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Document 52016DC0336

Recommendation for a COUNCIL RECOMMENDATION on the 2016 national reform programme of Luxembourg and delivering a Council opinion on the 2016 stability programme of Luxembourg

COM/2016/0336 final

Brussels, 18.5.2016

COM(2016) 336 final

Recommendation for a


on the 2016 national reform programme of Luxembourg

and delivering a Council opinion on the 2016 stability programme of Luxembourg

Recommendation for a


on the 2016 national reform programme of Luxembourg

and delivering a Council opinion on the 2016 stability programme of Luxembourg


Having regard to the Treaty on the Functioning of the European Union, and in particular Articles 121(2) and 148(4) thereof,

Having regard to Council Regulation (EC) No 1466/97 of 7 July 1997 on the strengthening of the surveillance of budgetary positions and the surveillance and coordination of economic policies 1 , and in particular Article 5(2) thereof,

Having regard to the recommendation of the European Commission 2 ,

Having regard to the resolutions of the European Parliament 3 ,

Having regard to the conclusions of the European Council,

Having regard to the opinion of the Employment Committee,

Having regard to the opinion of the Economic and Financial Committee,

Having regard to the opinion of the Social Protection Committee,

Having regard to the opinion of the Economic Policy Committee,


(1)On 26 November 2015, the Commission adopted the Annual Growth Survey 4 , marking the start of the 2016 European Semester of economic policy coordination. The priorities of the Annual Growth Survey were endorsed by the European Council on 17-18 March 2016. On 26 November 2015, on the basis of Regulation (EU) No 1176/2011, the Commission adopted the Alert Mechanism Report 5 , in which Luxembourg was not identified as one of the Member States for which an in-depth review would be carried out. On the same day, the Commission adopted a recommendation for a Council recommendation on the economic policy of the euro area 6 . That recommendation was endorsed by the European Council on 18-19 February 2016 and adopted by the Council on 8 March 2016. As a country whose currency is the euro and in view of the close interlinkages between the economies in the economic and monetary union, Luxembourg should ensure the full and timely implementation of those recommendations.

(2)The country report for Luxembourg 7 was published on 26 February 2016. It assessed Luxembourg’s progress in addressing the country-specific recommendations adopted by the Council on 14 July 2015 and Luxembourg's progress towards its national Europe 2020 targets.

(3)On 29 April 2016, Luxembourg submitted its 2016 national reform programme and its 2016 stability programme. To take account of their interlinkages, the two programmes have been assessed at the same time.

(4)Relevant country-specific recommendations have been addressed in the programming of the European Structural and Investment Funds for the 2014-2020 period. As foreseen in Article 23 of Regulation (EU) No 1303/2013, where it is necessary to support the implementation of relevant Council recommendations, the Commission may request a Member State to review and propose amendments to its Partnership Agreement and relevant programmes. The Commission has provided further details on how it would make use of this provision in guidelines on the application of the measures linking the effectiveness of the European Structural and Investment Funds to sound economic governance 8 .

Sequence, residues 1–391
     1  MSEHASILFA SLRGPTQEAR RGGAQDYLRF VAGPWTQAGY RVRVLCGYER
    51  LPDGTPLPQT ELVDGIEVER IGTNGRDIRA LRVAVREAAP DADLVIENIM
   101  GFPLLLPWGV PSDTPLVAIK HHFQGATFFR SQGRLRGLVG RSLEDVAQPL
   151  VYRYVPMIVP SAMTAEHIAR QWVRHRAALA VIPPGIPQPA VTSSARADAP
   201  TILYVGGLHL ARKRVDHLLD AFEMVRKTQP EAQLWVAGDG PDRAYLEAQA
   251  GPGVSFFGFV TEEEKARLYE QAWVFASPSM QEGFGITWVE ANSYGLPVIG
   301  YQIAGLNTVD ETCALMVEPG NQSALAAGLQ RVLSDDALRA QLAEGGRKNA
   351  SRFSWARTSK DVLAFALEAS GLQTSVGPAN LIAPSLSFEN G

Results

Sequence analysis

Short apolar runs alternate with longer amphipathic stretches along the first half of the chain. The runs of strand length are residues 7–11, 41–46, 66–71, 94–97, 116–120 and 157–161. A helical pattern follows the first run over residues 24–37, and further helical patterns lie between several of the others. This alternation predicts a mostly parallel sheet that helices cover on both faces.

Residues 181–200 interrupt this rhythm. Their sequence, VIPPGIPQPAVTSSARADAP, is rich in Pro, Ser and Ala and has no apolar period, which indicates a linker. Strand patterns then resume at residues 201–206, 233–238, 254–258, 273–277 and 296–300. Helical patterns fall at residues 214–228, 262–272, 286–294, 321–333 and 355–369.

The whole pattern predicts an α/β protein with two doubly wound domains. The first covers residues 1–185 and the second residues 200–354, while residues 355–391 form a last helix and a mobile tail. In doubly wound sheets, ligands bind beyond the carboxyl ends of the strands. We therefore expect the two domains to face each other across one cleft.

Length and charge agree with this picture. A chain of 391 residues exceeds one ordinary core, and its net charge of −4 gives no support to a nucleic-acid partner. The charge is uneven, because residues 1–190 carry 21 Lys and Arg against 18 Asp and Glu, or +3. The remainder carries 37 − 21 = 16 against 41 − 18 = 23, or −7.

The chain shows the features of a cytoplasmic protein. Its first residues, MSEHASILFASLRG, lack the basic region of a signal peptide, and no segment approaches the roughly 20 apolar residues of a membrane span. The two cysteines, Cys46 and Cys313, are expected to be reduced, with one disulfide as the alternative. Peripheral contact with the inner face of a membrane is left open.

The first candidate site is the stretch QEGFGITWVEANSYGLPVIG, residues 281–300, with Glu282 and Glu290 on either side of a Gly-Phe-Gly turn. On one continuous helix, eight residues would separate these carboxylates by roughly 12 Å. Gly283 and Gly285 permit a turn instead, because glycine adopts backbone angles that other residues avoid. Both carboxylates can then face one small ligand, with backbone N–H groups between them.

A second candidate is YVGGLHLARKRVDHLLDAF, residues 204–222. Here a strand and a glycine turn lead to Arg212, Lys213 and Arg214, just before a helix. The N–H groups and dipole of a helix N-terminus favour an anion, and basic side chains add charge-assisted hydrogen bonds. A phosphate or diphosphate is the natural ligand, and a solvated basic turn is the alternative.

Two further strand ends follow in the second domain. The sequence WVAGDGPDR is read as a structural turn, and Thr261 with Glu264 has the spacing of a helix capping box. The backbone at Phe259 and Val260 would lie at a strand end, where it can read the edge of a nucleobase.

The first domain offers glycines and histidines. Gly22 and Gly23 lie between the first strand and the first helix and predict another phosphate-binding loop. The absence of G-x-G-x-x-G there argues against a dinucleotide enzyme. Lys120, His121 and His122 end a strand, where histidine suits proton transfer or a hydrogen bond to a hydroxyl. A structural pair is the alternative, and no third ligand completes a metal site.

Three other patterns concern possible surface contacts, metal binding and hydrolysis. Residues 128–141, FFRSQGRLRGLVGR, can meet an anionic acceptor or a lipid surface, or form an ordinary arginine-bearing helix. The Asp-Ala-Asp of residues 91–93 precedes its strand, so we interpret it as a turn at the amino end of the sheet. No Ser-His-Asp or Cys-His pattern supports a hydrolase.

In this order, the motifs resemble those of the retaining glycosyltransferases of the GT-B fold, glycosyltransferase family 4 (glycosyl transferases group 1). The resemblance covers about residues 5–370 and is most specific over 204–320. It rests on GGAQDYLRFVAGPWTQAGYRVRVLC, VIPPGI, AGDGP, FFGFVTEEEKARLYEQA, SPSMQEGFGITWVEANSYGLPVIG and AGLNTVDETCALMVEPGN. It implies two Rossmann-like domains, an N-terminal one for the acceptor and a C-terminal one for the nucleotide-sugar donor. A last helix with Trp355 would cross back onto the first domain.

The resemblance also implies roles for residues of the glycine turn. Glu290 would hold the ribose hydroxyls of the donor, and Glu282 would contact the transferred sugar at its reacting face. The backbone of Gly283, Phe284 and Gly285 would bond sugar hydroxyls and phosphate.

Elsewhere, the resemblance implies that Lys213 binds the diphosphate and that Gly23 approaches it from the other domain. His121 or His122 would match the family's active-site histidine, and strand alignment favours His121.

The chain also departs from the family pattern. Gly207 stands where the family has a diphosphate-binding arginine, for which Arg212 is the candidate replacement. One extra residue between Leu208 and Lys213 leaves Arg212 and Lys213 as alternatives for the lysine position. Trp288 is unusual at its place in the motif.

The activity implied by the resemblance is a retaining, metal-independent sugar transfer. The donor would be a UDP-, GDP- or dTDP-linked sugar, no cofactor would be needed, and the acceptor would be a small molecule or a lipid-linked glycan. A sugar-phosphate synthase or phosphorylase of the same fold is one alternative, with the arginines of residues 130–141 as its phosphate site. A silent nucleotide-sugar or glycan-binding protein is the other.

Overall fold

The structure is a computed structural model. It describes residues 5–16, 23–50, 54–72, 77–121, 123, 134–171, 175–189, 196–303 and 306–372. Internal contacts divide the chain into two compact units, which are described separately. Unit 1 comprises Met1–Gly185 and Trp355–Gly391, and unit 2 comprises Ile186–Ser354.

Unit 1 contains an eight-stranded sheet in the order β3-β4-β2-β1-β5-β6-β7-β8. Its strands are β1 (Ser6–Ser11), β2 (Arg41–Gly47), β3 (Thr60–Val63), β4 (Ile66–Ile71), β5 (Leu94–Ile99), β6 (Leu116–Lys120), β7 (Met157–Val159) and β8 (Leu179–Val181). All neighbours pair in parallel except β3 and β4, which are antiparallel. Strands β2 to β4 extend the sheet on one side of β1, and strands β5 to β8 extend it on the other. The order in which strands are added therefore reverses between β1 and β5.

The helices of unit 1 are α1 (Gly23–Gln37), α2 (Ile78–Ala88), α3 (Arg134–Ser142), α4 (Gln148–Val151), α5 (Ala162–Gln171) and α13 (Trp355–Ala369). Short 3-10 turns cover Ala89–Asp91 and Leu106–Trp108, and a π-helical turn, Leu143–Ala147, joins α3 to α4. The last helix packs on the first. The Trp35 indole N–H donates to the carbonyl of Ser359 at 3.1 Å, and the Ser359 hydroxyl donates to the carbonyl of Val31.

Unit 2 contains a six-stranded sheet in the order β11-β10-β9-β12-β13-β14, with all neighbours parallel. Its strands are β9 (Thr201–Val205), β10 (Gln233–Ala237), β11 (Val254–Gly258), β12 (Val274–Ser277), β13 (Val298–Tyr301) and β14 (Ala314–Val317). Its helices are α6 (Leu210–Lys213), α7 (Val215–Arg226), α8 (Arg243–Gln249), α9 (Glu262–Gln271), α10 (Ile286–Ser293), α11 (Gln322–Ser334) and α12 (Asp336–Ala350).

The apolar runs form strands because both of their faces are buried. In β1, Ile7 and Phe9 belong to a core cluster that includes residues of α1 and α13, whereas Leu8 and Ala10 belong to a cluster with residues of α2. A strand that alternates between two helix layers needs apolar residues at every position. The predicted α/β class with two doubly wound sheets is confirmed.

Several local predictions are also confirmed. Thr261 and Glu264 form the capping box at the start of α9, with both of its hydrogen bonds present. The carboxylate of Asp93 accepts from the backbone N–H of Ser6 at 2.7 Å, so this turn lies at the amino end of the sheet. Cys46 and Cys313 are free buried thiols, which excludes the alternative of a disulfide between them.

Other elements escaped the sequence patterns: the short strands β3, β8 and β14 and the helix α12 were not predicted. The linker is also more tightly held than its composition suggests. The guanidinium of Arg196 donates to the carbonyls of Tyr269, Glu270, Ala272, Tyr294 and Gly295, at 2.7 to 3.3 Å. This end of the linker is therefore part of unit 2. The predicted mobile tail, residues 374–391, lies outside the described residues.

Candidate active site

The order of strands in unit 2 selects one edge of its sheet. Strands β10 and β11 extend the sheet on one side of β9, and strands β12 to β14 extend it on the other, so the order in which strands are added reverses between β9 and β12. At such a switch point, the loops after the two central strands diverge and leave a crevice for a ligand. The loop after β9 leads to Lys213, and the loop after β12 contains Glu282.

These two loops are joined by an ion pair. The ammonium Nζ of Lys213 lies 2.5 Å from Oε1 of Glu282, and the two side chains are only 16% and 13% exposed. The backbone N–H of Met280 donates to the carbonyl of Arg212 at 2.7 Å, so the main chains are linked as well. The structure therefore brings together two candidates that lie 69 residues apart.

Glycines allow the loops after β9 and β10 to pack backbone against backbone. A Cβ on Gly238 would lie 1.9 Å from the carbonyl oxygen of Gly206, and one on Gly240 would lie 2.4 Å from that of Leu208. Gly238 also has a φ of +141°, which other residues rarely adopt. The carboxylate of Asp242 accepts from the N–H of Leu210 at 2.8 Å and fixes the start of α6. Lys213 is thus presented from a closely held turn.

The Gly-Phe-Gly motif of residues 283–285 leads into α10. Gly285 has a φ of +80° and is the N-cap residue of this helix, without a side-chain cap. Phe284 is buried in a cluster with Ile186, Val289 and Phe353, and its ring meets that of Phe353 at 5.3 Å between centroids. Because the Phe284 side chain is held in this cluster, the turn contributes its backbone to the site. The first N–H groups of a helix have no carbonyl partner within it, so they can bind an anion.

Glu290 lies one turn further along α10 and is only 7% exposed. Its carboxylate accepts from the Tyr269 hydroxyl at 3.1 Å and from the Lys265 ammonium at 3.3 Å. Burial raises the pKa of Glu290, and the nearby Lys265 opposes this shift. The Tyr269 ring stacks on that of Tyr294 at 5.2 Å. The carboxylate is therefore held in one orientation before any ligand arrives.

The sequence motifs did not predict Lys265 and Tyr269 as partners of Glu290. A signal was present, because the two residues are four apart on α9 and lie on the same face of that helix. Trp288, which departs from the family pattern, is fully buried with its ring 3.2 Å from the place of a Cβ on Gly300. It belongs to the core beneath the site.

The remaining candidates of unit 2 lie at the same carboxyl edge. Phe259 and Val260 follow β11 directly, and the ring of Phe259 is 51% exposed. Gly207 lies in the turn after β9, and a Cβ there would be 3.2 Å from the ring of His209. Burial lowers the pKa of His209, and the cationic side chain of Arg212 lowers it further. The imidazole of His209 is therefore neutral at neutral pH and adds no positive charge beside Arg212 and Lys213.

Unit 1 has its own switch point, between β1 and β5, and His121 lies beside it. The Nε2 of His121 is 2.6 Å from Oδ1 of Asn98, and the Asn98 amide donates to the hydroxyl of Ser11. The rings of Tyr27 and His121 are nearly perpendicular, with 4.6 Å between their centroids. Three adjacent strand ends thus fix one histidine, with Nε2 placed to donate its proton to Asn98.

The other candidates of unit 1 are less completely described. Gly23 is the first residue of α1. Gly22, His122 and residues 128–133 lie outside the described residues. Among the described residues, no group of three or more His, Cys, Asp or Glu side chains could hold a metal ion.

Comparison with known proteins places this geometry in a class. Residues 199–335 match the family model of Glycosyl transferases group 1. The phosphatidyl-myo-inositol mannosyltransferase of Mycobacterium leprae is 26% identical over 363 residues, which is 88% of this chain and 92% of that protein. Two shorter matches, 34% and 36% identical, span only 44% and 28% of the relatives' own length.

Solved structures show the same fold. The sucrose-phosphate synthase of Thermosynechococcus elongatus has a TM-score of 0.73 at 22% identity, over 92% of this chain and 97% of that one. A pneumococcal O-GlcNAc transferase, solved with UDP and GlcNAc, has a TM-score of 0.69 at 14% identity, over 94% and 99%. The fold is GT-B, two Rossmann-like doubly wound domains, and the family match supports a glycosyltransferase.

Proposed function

(5)Luxembourg is currently in the preventive arm of the Stability and Growth Pact. In its 2016 stability programme, the government plans to achieve a balanced budget in 2017 and small surpluses thereafter, reaching 0.4 % of GDP by 2020. The medium-term budgetary objective will continue to be met throughout the programme period. However, in its stability programme, Luxembourg announces that the medium-term budgetary objective will change from a structural surplus of 0.5% of GDP until 2016 to a structural deficit of 0.5% of GDP as from 2017. According to the stability programme, the government debt-to-GDP ratio is expected to gradually increase to 23.5% of GDP in 2020. The macroeconomic scenario underpinning these budgetary projections is plausible, with the exception of 2017 and 2018 when it is favourable. Based on the Commission 2016 spring forecast, the structural surplus is projected to decrease to 1.4 % of GDP in 2016 and further to 0.3% of GDP in 2017, thereby remaining above the medium-term budgetary objective. Possible future deviations would be assessed against the requirement to maintain the structural balance at the medium-term budgetary objective, bearing in mind the need to ensure the long-term sustainability of public finances, notably in the area of pensions. Based on its assessment of the stability programme and taking into account the Commission 2016 spring forecast, the Council is of the opinion that Luxembourg is expected to comply with the provisions of the Stability and Growth Pact.